Module 14: Hypothesis Testing for Single Populations Part 1This module is divided into 2 parts:I.Hypothesis Testing for a Single Population Mean, Large Sample Size (n 30)II. Hypothesis Testing for a Single Population Mean, Small Sample Size (n < 30)This is not fundamentally different from what we were doing in Module 13, but now we’ll add some complexity, including the Finite Correction Factor FCF).•

Module 14: Hypothesis Testing for Single Populations Part 1Z Factor for 2-Tail TestsZ Factor for 1-Tail Testsαα/2Zα/2Zα/2αZα0.010.005Z.0052.5758=NORMSINV(0.005)*-10.01Z.012.3263=NORMSINV(0.01)*-10.020.01Z.012.3263=NORMSINV(0.01)*-10.02Z.022.0537=NORMSINV(0.02)*-10.040.02Z.022.0537=NORMSINV(0.02)*-10.04Z.041.7507=NORMSINV(0.04)*-10.050.025Z.0251.9600=NORMSINV(0.025)*-10.05Z.051.6449=NORMSINV(0.05)*-10.100.05Z.051.6449=NORMSINV(0.05)*-10.10Z.051.2816=NORMSINV(0.1)*-10.150.075Z.0751.4395=NORMSINV(0.075)*-10.15Z.151.0364=NORMSINV(0.15)*-10.200.10Z.101.2816=NORMSINV(0.1)*-10.20Z.200.8416=NORMSINV(0.2)*-1

Module 14: Hypothesis Testing for Single Populations Part 1I.Hypothesis Testing for a Single Population Mean, Large Sample Size (n 30)Example 1:A nationwide survey of CPAs found that the average net income for sole practitioner CPAs was $74,914. A believes this figure does not apply to sole practitioner CPAs in the state of South Dakota. The researcher takes a random sample of 112 sole practitioner CPAs in South Dakota which results in a sample mean net income of $78, 695 with a sample standard deviation of $14,530. At the .05 level of significance, test to determine if the mean net income of sole practitioner CPAs in South Dakota is different from the national average. Step 1: Note: In this test, we want to determine if the net income is different. We are not trying to determine whether net income is higher or lower than $74,914, but rather if it is “different”. That makes this a 2-tail test since the change is ambiguous and could mean it is either higher or lower than $74,914.H0:= $74,914Ha: $74,914Step 2: Since we’re testing for a population mean and the sample size is 30 or greater, we can use the normal (Z) distribution. There is no mention of a population size so we don’t have to worry about the finite correction factor (FCF). Z = Step 3: α = .05•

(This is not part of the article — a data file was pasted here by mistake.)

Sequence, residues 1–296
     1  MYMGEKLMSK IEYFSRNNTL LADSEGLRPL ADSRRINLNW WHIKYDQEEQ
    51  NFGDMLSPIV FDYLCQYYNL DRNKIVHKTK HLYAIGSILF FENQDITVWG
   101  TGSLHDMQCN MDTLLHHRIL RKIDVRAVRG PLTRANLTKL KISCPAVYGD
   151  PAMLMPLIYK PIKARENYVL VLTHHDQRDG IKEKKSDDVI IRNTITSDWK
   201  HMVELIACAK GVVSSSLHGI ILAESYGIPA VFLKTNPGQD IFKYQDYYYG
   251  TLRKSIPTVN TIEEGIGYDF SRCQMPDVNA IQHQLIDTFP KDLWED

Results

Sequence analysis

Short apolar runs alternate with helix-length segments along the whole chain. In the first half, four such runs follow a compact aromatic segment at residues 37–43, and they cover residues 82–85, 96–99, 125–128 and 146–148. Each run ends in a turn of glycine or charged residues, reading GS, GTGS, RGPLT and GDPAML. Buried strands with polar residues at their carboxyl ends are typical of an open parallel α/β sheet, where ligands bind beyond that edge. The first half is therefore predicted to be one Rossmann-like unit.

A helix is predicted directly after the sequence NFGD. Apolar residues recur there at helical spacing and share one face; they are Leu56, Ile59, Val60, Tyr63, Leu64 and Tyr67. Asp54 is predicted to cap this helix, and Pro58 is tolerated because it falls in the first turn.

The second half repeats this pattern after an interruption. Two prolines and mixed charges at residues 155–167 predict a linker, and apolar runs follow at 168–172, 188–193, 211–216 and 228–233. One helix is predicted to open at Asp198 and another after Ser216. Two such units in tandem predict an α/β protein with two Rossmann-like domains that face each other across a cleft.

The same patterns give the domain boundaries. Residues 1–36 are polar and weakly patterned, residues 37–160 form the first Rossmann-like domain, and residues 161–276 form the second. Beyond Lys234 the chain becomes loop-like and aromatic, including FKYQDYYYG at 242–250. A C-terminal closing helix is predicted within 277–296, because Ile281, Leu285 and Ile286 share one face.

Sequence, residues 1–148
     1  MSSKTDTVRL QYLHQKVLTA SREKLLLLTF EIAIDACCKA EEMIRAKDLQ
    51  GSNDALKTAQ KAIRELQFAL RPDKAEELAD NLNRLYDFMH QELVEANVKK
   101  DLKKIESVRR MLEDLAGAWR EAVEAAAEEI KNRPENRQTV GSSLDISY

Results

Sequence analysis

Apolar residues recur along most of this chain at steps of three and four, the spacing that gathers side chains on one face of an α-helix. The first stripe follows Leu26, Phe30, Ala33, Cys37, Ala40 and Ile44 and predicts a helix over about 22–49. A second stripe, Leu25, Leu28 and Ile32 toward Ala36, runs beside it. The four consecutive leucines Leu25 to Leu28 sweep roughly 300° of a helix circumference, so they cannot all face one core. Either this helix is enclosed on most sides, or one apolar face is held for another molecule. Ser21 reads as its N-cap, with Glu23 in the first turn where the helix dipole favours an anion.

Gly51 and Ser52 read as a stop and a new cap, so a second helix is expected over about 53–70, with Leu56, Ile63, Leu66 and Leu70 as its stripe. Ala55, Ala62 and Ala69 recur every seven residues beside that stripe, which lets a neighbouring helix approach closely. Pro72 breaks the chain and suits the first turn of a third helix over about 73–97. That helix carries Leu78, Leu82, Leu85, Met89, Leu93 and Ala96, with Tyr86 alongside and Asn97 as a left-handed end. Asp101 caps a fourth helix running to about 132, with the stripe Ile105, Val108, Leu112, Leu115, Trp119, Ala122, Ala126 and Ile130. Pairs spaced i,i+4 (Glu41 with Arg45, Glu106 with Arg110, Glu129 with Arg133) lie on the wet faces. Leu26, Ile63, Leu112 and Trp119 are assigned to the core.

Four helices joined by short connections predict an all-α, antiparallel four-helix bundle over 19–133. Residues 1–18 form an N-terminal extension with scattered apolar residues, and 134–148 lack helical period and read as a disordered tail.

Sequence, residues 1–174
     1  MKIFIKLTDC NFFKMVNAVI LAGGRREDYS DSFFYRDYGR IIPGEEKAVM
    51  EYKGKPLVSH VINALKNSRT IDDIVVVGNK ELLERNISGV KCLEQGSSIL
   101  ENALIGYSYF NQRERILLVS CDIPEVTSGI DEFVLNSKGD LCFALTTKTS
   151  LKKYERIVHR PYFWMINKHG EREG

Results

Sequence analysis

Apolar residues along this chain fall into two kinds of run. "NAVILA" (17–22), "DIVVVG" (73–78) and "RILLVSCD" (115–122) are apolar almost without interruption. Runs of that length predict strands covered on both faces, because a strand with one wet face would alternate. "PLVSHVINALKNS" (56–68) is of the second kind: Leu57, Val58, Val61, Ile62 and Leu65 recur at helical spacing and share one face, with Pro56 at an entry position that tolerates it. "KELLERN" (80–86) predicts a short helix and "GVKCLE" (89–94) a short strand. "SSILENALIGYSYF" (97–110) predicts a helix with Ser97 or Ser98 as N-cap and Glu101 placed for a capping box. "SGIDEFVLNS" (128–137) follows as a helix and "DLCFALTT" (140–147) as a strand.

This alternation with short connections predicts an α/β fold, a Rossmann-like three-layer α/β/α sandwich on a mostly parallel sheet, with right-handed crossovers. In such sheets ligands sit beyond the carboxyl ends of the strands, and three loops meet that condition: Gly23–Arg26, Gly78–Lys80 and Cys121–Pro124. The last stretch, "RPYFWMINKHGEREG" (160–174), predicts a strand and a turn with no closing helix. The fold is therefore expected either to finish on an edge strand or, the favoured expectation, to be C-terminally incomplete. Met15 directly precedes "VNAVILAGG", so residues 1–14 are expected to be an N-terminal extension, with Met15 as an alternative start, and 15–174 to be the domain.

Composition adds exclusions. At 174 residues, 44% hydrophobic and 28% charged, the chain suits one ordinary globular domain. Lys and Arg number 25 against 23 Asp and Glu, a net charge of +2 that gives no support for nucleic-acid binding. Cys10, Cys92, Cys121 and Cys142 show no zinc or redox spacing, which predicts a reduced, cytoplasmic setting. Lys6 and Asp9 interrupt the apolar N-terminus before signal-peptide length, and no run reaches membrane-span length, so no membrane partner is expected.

Module 14: Hypothesis Testing for Single Populations Part 1I.Hypothesis Testing for a Single Population Mean, Large Sample Size (n 30)Example 1:A nationwide survey of CPAs found that the average net income for sole practitioner CPAs was $74,914. A believes this figure does not apply to sole practitioner CPAs in the state of South Dakota. The researcher takes a random sample of 112 sole practitioner CPAs in South Dakota which results in a sample mean net income of $78, 695 with a sample standard deviation of $14,530. At the .05 level of significance, test to determine if the mean net income of sole practitioner CPAs in South Dakota is different from the national average.

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- Spring '14
- DebraACasto
- Standard Deviation, Hypothesis testing, α